Biofuel Buses – a no brainer really!
One of the key success factors for any city is the effectiveness of its transportation system, but these systems are constantly evolving and adapting to the new needs of citizens and to technological advancements. Some might say that the transportation system is the lifeblood of a city – it has the potential to add value & productivity or if you have ever been to a city with a bad system, then it can most definitely take away value.
There is now a big focus for cities on how they can deliver this vital service in a smarter and more sustainable manner, decreasing the release of harmful pollutants into the air and getting people to and from their destination more efficiently. The approaches vary and very much depend on the culture of a city, anyone that has been to Amsterdam and Copenhagen will know that they both have very effective systems in place to encourage cycling, this is based on years and years of now culturally ingrained behaviour. There are other cities that are still very much private car cities and this is one of the behaviours that city leaders are trying to change. Convincing citizens to leave their car at home and to use public transport is not always as easy as it sounds though!
One example of new technology that can be implemented by cities is Green Buses. These buses do not run on fossil fuels, but they use environmentally friendly biofuels. The biofuels have been made from waste that is generated by the city or municipality – they are very clean, affordable and not toxic. These biofuels often burn more efficiently than traditional fossil fuels and as they are generated from waste generated locally do not have such a negative impact on the environment when being produced.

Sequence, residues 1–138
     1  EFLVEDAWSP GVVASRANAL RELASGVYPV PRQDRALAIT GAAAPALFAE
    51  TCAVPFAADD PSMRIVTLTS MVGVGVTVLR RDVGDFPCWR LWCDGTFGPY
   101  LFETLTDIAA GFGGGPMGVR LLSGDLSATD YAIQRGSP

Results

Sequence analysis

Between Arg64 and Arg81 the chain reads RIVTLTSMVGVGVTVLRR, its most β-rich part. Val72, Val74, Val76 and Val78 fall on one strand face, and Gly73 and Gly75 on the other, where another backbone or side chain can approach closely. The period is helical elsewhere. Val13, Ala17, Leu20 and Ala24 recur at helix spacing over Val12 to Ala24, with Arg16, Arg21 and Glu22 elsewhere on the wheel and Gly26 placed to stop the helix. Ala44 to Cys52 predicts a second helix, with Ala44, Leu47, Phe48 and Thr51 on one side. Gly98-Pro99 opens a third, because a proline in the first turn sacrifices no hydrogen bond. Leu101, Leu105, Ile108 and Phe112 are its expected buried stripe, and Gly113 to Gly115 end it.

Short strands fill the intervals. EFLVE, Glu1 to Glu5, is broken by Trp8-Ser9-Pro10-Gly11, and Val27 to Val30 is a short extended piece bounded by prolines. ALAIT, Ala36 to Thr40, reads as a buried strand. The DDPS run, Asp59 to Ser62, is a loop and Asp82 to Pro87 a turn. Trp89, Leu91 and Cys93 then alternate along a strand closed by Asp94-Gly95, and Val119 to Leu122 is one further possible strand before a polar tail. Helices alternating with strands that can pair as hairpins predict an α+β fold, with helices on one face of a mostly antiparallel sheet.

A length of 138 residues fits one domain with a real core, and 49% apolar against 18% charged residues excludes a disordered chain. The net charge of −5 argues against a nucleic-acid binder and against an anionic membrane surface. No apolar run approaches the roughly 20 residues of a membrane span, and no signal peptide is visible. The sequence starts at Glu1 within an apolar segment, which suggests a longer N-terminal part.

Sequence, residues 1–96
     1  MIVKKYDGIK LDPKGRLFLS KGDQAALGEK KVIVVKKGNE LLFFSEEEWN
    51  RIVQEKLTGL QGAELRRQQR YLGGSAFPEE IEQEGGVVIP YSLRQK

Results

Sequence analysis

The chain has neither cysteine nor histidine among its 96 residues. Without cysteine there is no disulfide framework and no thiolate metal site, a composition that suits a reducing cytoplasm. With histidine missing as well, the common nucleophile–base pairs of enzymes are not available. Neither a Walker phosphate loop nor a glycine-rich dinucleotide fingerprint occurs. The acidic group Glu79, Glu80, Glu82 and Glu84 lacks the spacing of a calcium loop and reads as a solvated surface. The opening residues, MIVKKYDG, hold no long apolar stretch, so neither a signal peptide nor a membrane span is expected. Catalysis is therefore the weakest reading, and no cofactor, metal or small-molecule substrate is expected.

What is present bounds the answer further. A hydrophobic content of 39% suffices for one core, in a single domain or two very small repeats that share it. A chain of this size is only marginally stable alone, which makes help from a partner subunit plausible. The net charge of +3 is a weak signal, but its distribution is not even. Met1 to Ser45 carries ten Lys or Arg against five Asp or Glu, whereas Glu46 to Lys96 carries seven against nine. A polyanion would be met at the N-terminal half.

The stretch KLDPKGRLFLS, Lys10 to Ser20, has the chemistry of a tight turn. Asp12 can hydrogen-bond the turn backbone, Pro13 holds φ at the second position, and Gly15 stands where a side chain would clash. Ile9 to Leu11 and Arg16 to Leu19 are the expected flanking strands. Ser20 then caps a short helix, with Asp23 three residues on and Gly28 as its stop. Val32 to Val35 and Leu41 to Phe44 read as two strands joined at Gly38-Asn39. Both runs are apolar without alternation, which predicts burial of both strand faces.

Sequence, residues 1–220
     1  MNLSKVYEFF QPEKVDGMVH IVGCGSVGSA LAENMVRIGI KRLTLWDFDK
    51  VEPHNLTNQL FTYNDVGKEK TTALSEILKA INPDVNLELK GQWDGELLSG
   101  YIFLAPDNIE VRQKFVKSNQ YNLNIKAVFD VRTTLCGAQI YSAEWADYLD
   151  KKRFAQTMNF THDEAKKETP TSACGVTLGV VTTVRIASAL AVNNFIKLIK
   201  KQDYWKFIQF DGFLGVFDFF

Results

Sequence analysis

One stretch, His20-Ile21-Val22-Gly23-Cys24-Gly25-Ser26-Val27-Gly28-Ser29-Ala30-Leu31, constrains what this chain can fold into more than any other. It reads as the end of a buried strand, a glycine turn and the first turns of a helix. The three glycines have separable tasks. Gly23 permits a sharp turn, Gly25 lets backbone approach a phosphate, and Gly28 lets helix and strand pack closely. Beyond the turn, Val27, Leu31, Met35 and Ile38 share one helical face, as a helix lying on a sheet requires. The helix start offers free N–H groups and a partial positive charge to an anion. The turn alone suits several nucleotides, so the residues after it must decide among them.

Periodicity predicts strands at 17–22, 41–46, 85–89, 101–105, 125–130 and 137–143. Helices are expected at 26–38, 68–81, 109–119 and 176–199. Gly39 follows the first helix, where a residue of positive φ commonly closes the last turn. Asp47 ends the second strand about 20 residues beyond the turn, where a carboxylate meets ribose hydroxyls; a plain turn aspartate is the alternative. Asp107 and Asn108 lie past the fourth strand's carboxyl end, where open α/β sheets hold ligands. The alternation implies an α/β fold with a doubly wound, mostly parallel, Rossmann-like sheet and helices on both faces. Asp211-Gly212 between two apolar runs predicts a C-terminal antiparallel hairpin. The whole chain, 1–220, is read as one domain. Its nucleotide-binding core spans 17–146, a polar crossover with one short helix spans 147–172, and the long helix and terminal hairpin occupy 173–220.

The city of Vaasa in Finland is one city that has just implemented the use of biofuel buses, in February of this year they put 12 new biofuel buses into operation around the city. They use organic waste that is gathered from citizens in order to create the biofuel and then the buses are re-filled overnight at the depot – so the whole process is managed within the city limits. In fact they will be creating enough gas that they will be able to sell it onto private customers – so in the long run they will be able to purchase more green buses and get rid of all the old polluting buses. It’s a no brainer really!
Vaasa is a relatively small city in Finland (population approx. 66,000), other cities should be taking a leaf out of their book and starting their journey towards a greener future. Smart city projects need to start somewhere and why not with transport as it is one service that almost every citizen uses, it sends a positive message to citizens that the city cares about long term sustainability and making sure that the air they breath is of a better quality. Hopefully it encourages citizens to leave their cars at home as they will know that not only are they getting around easily, but they are doing it in a green and sustainable manner.
For more information about the project: https://www.vaasa.fi/en/release/vaasa-makes-history-12-brand-new-biogas-buses-into-traffic